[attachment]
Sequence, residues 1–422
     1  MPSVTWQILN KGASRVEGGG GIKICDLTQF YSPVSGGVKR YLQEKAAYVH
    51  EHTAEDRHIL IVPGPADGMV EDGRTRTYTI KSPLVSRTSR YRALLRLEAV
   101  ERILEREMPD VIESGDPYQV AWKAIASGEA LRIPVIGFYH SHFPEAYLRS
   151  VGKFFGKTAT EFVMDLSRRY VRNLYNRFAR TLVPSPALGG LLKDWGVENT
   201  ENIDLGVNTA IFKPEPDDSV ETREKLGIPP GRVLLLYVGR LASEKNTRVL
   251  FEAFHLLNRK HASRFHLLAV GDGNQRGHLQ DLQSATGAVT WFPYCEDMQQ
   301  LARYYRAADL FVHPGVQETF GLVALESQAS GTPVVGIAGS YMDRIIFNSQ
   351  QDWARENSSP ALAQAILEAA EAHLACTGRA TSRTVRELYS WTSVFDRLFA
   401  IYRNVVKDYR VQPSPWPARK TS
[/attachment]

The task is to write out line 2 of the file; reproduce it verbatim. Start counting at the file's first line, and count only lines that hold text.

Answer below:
     1  MPSVTWQILN KGASRVEGGG GIKICDLTQF YSPVSGGVKR YLQEKAAYVH